A spherical snowball is melting in such a way that its diameter is decreasing at rate of 0.3cm/min. At what rate is the volume of the snowball decreasing when the diameter is 14 cm? (Note the answer is a positive number)

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- anonymous

- schrodinger

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- amistre64

is there an equation for the volume of a sphere?

- anonymous

no :(

- amistre64

... im pretty sure there is. spheres have been studied now for quite some time, and some ancient mathmatikers are bound to have come up with some sort of formula that tells them how to determine the volume of a sphere. If not, i know a way that we can become very very rich :)

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- anonymous

haha i meant there's none that came with the problem! Not that none exist :)

- amistre64

;) you hunt down a formula for it, and then we can see what can be done to find an answer to this question then

- anonymous

it says online that it is 4/3nr^3 so i'm not really sure what that means but thats what i got :) I hope it helps!

- anonymous

the n is a pi

- amistre64

thats the one i was thinking of
to find out how fast the volume is changing, we need to take its derivative; and we are in luck that we only have 1 variable and a power rule to deal with
\[V=\frac43\pi~r^3\]

- anonymous

ok sounds good but i have a class right now :( so I dont know how you wanna do this because I'll be in class untill 12 :(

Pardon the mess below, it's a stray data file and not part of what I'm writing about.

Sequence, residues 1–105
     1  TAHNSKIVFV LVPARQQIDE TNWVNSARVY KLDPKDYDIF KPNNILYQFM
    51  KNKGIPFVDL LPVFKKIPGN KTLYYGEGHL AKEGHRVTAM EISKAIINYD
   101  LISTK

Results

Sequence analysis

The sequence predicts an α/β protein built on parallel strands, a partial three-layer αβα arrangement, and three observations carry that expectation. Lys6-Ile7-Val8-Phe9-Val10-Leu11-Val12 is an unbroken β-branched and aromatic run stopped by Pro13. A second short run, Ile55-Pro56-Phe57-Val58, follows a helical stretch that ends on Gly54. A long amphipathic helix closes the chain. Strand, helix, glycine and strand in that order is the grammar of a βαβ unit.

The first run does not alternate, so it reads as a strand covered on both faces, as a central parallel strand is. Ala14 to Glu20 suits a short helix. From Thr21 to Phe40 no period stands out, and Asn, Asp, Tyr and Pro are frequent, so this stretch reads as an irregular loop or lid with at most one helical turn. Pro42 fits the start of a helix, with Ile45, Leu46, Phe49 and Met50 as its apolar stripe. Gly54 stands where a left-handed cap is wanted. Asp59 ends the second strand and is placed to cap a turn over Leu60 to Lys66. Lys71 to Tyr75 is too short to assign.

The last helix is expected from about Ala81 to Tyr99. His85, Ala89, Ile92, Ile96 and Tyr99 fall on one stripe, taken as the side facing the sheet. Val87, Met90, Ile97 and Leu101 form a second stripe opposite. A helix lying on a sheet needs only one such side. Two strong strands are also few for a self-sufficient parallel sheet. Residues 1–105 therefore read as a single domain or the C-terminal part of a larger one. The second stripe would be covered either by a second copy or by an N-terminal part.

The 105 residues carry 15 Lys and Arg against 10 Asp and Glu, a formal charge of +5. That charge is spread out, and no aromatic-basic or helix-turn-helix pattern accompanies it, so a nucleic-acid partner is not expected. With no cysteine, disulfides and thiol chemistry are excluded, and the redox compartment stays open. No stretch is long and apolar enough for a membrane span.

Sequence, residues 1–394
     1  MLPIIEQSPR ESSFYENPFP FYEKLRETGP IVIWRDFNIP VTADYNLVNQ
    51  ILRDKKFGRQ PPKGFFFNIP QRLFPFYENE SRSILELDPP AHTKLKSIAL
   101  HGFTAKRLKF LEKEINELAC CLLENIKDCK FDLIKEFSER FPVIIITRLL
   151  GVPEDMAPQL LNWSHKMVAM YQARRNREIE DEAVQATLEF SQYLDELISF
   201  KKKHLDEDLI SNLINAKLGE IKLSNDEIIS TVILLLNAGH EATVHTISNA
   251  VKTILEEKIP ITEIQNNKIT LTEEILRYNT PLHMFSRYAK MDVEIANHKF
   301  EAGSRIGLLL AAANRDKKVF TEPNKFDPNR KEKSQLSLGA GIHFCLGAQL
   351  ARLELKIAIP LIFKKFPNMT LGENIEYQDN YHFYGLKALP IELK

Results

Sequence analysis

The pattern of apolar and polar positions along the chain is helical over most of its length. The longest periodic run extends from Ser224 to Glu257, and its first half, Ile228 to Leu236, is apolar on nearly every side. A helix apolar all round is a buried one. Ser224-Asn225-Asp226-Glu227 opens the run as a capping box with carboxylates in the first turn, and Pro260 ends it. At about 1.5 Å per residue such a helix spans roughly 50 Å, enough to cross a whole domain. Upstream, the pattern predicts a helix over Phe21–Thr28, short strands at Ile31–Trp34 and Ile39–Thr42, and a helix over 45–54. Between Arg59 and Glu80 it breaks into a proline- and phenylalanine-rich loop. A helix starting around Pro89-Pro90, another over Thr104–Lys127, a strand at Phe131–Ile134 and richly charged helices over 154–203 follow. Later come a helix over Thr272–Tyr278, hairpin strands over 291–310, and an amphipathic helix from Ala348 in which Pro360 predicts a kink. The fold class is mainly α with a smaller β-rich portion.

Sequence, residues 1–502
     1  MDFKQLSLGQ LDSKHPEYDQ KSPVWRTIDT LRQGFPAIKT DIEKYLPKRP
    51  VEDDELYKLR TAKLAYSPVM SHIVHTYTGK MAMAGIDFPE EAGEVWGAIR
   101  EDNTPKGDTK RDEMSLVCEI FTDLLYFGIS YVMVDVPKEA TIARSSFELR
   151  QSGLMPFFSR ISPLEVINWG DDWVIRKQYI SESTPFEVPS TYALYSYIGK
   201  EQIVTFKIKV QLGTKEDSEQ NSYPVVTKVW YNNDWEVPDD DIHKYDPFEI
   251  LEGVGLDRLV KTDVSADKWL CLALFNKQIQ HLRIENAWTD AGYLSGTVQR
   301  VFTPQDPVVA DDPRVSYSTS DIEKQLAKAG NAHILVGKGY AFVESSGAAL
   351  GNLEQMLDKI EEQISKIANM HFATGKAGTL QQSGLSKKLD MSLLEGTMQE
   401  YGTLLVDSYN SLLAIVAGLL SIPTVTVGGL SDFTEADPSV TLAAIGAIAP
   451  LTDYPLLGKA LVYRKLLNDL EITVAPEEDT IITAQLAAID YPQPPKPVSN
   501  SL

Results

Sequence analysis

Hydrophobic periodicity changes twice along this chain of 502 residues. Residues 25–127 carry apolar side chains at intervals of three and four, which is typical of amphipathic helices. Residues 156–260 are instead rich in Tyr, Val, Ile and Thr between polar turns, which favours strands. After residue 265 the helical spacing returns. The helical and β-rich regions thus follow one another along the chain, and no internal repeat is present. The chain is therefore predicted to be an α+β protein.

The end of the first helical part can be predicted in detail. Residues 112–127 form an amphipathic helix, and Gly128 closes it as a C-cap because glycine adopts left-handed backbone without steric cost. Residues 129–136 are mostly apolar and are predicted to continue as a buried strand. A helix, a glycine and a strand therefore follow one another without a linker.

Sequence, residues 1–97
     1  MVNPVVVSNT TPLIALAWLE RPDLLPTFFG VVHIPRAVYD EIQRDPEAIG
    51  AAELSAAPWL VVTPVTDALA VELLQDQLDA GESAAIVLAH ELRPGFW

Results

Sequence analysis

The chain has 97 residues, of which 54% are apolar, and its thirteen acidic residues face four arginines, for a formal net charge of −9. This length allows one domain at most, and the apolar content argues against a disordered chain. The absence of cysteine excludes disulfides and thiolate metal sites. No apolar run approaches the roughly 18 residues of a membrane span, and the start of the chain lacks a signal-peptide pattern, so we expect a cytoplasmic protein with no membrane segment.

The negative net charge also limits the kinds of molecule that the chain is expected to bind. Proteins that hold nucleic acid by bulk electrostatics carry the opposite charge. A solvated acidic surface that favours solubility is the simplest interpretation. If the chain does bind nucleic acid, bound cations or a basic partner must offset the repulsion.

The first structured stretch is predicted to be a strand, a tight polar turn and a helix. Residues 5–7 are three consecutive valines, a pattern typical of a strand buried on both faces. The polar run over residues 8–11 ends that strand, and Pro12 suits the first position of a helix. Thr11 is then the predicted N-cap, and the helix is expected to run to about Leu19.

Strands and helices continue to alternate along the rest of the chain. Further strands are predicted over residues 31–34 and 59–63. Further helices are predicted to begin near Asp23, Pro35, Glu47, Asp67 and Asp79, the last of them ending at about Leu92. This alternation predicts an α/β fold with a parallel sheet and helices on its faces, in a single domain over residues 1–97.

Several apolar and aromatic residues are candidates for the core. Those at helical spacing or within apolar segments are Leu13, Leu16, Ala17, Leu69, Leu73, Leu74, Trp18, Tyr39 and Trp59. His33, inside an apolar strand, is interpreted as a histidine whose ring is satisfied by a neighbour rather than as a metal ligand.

- amistre64

as long as you know what the power rule for derivatives is, that would help out alot

- anonymous

ok the radius is half the diameter right?

- amistre64

correct

- anonymous

i can find the derivative pretty easily but i'm just unsure what the radius would be

- anonymous

ok let me get you the derivative real quick

- anonymous

the derivative is 4pir^2 so that would be 4pi(7^2) and that would give me 615.44 about

- amistre64

very good, but there is one other part that needs to be addressed; the chain rule pops out an r'

- anonymous

ok... im lost

- amistre64

since the radius is half the diamter; the rate of change of the radius is half the rate of change of the diamter
so multiply that result by .3/2

- anonymous

so that is 923.16 or so?

- amistre64

\[\frac d{dt}(V=\frac43\pi~r^3)\]
\[\frac {dV}{dt}=\frac43\pi~3r^2*\frac{dr}{dt}\]

- amistre64

4pi(7^2)*.3/2 = about 92.36

- anonymous

lol alright i calculated wrong and thanks a million!

- amistre64

with a little practice, these should make more sense :) good luck

- anonymous

thanks :) ill be posting 2 more on here because I completely suck at this so maybe if you're on later you can help me again :) You actually help you don't just say the answer I like that :) Thank you! I have class now so hopefully I'll talk to you later!

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